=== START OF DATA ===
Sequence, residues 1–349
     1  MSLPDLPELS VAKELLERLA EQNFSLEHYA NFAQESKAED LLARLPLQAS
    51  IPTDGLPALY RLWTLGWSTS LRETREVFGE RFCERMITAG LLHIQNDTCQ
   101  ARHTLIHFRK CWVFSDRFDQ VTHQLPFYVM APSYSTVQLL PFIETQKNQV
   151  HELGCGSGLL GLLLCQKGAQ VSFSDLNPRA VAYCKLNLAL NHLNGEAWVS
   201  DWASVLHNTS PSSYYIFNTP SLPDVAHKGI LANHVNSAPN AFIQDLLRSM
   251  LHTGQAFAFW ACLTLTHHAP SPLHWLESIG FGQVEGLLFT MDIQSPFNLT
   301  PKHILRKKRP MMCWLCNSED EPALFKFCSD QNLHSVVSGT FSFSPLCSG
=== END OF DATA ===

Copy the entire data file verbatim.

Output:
Sequence, residues 1–349
     1  MSLPDLPELS VAKELLERLA EQNFSLEHYA NFAQESKAED LLARLPLQAS
    51  IPTDGLPALY RLWTLGWSTS LRETREVFGE RFCERMITAG LLHIQNDTCQ
   101  ARHTLIHFRK CWVFSDRFDQ VTHQLPFYVM APSYSTVQLL PFIETQKNQV
   151  HELGCGSGLL GLLLCQKGAQ VSFSDLNPRA VAYCKLNLAL NHLNGEAWVS
   201  DWASVLHNTS PSSYYIFNTP SLPDVAHKGI LANHVNSAPN AFIQDLLRSM
   251  LHTGQAFAFW ACLTLTHHAP SPLHWLESIG FGQVEGLLFT MDIQSPFNLT
   301  PKHILRKKRP MMCWLCNSED EPALFKFCSD QNLHSVVSGT FSFSPLCSG